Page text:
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Some National Guards refuse to process gay couples’ applications for benefits

Citing gay marriage bans, Texas, Mississippi and Louisiana refer applicants to federal bases

National Guards in some states refuse to process same-sex couples' requests for benefits.

National Guard commanders in Texas and Mississippi will not allow same-sex military couples to apply for marriage benefits at state facilities, despite an order from the Pentagon, The Washington Post reports. Tuesday, Sept 3, was the first day service members could apply for benefits after the Department of Defense said it would recognize legal same-sex marriages. National Guard applicants were turned away in Texas and Mississippi, however, and told to go to federal military bases, because state constitutions ban the recognition of same-sex marriages.

WJTV reports that Louisiana's National Guard also refuses to process gay couples' requests for benefits. National Guard spokesman Lieutenant Colonel Mike Kazmierzak also notes that Louisiana's constitution doesn't recognize gay marriage, but guard personnel can file requests for benefits with federal installations in the state.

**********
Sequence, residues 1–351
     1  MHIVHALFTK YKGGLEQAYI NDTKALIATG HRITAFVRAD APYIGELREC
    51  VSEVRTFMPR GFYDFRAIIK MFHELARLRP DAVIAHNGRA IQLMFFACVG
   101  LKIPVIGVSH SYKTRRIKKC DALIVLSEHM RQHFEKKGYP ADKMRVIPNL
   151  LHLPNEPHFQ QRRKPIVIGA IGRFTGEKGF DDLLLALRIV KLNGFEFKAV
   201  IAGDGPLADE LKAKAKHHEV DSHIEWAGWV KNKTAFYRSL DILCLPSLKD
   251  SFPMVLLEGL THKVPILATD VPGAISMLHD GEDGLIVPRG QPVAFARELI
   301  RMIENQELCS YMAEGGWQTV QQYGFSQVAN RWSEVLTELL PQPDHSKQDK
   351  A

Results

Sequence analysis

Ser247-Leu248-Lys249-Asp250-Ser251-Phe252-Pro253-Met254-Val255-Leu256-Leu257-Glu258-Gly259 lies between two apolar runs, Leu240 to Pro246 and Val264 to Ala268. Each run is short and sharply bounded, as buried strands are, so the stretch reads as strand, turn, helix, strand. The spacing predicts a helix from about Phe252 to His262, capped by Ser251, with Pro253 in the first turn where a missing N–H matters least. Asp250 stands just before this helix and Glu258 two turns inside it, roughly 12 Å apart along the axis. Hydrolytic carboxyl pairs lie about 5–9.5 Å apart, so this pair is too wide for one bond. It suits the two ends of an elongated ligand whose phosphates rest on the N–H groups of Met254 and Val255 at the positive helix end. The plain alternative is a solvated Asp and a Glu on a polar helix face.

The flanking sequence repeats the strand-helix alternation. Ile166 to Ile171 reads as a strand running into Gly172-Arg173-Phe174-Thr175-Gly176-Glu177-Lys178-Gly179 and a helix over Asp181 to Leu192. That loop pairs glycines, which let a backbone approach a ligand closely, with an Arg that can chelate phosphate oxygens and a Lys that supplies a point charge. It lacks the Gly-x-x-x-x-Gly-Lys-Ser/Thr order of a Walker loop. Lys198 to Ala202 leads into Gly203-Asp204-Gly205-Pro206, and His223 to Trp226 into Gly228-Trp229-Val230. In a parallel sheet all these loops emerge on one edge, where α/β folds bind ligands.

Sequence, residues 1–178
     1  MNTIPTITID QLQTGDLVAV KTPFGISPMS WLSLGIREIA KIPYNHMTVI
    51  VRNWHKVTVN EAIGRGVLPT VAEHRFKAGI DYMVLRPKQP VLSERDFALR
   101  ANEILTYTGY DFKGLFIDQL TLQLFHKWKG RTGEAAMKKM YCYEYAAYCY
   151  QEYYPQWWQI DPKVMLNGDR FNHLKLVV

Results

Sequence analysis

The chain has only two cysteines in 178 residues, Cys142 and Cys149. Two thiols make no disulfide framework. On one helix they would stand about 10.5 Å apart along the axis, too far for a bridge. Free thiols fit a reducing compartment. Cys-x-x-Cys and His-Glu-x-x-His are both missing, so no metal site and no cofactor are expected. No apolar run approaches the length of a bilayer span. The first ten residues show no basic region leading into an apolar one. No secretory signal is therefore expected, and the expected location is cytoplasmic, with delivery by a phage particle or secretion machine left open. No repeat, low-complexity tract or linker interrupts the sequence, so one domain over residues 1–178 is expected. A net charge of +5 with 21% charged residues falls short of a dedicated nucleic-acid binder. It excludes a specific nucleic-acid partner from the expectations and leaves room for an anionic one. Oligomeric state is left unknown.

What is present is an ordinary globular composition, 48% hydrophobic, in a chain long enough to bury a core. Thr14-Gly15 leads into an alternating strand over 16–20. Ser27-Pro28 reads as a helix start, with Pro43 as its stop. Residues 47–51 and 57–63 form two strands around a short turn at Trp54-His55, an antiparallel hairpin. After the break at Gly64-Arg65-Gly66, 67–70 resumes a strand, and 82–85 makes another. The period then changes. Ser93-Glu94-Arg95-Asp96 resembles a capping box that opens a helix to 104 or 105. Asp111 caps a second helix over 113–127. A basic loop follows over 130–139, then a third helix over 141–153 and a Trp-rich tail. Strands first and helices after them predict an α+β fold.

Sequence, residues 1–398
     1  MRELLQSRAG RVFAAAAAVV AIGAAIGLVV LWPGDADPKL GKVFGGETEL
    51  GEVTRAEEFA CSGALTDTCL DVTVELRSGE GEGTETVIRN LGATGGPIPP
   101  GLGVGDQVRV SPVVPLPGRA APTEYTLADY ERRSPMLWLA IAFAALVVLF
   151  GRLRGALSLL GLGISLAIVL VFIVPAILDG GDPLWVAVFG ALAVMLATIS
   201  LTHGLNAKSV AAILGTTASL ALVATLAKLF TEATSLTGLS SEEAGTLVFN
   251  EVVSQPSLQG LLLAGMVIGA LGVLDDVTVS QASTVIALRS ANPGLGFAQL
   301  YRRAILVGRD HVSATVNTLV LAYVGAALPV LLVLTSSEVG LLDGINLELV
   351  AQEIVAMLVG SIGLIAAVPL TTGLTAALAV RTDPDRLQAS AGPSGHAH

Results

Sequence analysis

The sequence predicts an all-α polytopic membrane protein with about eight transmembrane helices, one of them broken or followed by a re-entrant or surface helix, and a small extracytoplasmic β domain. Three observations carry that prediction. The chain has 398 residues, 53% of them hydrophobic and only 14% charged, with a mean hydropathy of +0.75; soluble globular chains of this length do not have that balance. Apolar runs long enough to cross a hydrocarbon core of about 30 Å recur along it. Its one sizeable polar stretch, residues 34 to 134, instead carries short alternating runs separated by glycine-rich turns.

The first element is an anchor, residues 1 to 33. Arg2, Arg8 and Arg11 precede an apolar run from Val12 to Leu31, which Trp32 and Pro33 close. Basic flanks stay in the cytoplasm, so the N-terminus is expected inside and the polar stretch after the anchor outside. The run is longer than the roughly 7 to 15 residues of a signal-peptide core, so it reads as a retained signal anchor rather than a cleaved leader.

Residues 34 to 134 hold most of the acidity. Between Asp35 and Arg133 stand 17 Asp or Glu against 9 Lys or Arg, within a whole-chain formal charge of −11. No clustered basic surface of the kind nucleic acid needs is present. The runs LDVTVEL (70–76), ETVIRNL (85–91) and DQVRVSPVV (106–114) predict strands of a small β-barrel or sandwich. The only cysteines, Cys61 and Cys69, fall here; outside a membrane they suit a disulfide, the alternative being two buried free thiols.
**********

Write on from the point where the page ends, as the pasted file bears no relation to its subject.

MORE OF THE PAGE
Texas National Guard commander John Nicholas wrote that the Guard “remains committed to ensuring its military personnel and their families receive the benefits to which they are entitled. As such, we encourage anyone affected by this issue to enroll for benefits at a federal installation.”

Thirteen other US states that ban gay marriage all allowed National Guard members to apply for benefits, The Associated Press reports.